I'd like to get opinions on if an idea is good, or crazy. Our aft AC is dead, has been since we purchased the boat. Luckily last year was a cool summer and it didn't really mater.

The salon AC doesn't keep up with the heat - there are many reasons for this such as no salon curtains, short cycling because it's 6" from a solid set of steps, and it's probably under rated. I've had it looked at by an AC tech and they tell me it's operating as designed. To help somewhat, we are planning to tint the salon windows and somehow reroute the flow of air around the steps to prevent the short cycling - whey they place the salon AC where they did is beyond me.

Now to my idea. The aft AC requires around 10-12k BTU. I'm going to replace the split AC system with an all-in-one, mostly due to cost considerations, but also for simplicity of trouble shooting. Since a self contained system is larger, it will not fit in the closet where the evaporator/blower unit currently lives. For a new location, I've selected the closet in the aft guest room (my son's). It will take up around 14" of the bottom so we can retain some closet space.

I'm thinking of increasing the capacity to 16k BTU and adding a Y to provide one run to the aft staterooms and the second run to the salon to assist the AC system there. During the day I can close the aft stateroom vents so the full 16k can pump into the salon (to help the undersized salon AC) and after the sun goes down, open them to cool the staterooms as well. The run to the stateroom vents would be approximately 8' and the run the salon longer, at maybe 16'. I'm thinking of using PVC to promote smooth air flow (vs flexible hose) and will insulate it in unconditioned spaces.

Thoughts?

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The factory units have a real advantage in being quiet.  By having the compressor remote and piping the refrigerant to the local unit the only fan is that for the local coil.  I have a single unit that does a good job cooling the boat but the noise of the fan travels through the duct work, cool is better than quiet and it is not disturbing but certainly noticeable.  I did not consider hard piping but used the insulated ducting and found it to be satisfactory.

http://commanderclub.com/forum/topics/ocean-breeze-air-conditioners

http://commanderclub.com/photo/albums/installation-of-seabreeze-ac-...

You will never get the full capacity of the unit down one run at that distance. As the saying goes "You can only fit so much shXX down a horn". By restricting the cfm of airflow you will only be successful in freezing up the unit. The loss of static pressure will be less by using a smooth walled pipe but its really the size of the pipe that will make a difference. look up duct sizing and you will get a better idea. Think of air flow the same as water flow from your house hose. Great pressure at the faucet. not so good 100 feet away at the end of the hose due to frictional losses. Air or water, it doesn't matter.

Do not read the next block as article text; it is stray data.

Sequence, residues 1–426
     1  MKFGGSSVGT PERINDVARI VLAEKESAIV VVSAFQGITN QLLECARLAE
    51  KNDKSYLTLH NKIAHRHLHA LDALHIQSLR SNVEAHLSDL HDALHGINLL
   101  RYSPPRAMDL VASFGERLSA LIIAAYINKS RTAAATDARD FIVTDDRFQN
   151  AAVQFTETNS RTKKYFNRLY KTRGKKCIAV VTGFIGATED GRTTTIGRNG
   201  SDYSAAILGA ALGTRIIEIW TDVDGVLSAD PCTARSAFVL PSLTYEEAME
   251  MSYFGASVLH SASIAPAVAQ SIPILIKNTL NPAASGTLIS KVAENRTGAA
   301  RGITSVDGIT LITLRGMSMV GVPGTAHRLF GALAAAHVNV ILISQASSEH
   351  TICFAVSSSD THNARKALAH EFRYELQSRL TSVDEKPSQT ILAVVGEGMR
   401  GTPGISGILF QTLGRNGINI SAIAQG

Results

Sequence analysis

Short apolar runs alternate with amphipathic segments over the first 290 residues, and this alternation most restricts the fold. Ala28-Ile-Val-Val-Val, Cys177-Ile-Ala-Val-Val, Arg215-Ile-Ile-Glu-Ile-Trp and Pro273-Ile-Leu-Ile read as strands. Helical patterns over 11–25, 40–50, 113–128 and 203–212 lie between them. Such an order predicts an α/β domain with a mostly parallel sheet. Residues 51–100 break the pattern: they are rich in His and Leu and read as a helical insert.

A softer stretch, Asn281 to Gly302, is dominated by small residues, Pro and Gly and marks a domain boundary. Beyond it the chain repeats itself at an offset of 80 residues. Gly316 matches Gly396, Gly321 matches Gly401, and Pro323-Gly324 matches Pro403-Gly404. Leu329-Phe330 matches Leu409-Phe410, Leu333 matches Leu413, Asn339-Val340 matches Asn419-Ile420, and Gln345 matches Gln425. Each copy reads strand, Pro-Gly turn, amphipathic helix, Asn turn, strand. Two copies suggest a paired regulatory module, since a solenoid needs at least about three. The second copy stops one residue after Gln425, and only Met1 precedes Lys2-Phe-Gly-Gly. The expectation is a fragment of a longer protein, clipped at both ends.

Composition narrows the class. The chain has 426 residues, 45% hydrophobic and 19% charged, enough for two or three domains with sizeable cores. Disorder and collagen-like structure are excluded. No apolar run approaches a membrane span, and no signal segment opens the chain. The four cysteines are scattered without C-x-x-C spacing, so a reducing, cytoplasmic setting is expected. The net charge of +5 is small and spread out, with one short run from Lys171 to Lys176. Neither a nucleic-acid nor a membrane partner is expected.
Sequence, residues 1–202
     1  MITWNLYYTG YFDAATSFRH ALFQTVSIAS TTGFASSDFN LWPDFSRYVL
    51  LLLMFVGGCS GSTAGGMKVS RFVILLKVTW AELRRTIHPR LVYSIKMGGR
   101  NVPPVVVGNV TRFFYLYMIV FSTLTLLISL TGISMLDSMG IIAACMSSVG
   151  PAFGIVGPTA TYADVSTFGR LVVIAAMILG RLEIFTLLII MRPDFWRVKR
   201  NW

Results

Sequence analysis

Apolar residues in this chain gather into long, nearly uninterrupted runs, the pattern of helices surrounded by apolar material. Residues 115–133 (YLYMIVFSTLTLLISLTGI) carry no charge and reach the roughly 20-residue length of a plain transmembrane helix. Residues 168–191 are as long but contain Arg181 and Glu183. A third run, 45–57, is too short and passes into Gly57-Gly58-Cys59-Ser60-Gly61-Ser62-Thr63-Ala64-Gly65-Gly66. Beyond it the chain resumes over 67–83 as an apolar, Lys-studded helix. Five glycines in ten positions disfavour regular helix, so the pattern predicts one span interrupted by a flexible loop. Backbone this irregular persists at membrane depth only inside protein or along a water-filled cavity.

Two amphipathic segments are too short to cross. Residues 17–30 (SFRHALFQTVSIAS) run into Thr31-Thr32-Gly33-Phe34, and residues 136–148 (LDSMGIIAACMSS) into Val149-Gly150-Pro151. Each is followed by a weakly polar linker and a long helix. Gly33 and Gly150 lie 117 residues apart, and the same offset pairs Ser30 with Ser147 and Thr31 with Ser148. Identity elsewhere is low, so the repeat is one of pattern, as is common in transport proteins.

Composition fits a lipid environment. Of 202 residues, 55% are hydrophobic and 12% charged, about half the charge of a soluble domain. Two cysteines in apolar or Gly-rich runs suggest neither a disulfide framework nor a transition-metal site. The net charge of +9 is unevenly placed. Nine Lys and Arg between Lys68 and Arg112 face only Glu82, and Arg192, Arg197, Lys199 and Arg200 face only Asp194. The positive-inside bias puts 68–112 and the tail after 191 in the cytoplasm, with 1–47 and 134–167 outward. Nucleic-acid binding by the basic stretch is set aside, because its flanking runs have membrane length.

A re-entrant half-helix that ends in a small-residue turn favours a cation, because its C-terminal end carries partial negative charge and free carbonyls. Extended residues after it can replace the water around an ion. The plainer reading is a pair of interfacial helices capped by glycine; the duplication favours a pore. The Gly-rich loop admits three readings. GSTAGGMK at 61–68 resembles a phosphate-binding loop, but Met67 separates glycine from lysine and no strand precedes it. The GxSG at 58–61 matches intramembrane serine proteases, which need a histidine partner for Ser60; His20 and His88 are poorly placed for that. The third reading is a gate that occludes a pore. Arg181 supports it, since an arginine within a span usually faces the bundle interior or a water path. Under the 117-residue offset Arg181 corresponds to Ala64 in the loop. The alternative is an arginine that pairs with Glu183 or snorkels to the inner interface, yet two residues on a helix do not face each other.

Agree Jim, I'm hoping that someone on here is a pro at designing duct systems and can tell me the parameters I need to work within. The Webasto unit says it delivers 505 cfm and asks for a duct system with less than 100Pa (0.4 iw). It only has a 5" trunk connection, which seems small based on what I've read for 505 cfm.

Jim Personeni Jr said:

You will never get the full capacity of the unit down one run at that distance. As the saying goes "You can only fit so much shXX down a horn". By restricting the cfm of airflow you will only be successful in freezing up the unit. The loss of static pressure will be less by using a smooth walled pipe but its really the size of the pipe that will make a difference. look up duct sizing and you will get a better idea. Think of air flow the same as water flow from your house hose. Great pressure at the faucet. not so good 100 feet away at the end of the hose due to frictional losses. Air or water, it doesn't matter. 

Steve, Marine duct work is not my thing but I can tell you at 4 tenths drop with 500 cfm you would be looking at an 8" pipe. That's not factoring distance. The 5" outlet is not an issue, you would increase coming off of that. Always use a tapered increaser or reducer. Always use a wye instead of a regular tee if at all possible, really try to make it possible. The smaller the pipe the more velocity (to a point) there will be and that equals more noise. Just like pinching the end of that long garden hose. You're not getting more flow, just increasing the velocity of the water leaving the hose and making noise. On a long run you would want to start at least one size bigger to allow for the added frictional loss and then decrease down a size with a tapered fitting. This will allow you to get the cfm you need and keep your velocity steady. Remember that marine ducting is really not my thing so use these pointers as general speak. Air flow is air flow but I have not had to deal with marine systems yet although my time is coming!

Thanks for the pointers Jim. I can definitely use a Y instead of a T. I was thinking a Y and then a 45 to get the 90 turn complete, not sure if a Y is actually branching out at 45 or not. 8" is pretty big, I had been thinking of 6", but without any actual calculations. That said, I could probably fit 8" without much difficulty, but it wont be cheap!

If it can't be done in a practical sense, I might just have to abandon my idea.

The new (used) boat I just bought has a "T". Not as efficient as the "Y" I did on my Catalina.

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The salon ac in my boat had the same problem, the fix (done by the previous owner) is to run new ducting to a new vent in the middle of the room on the same side, and use the old vents as an extra intake. My salon unit no longer freezes up.

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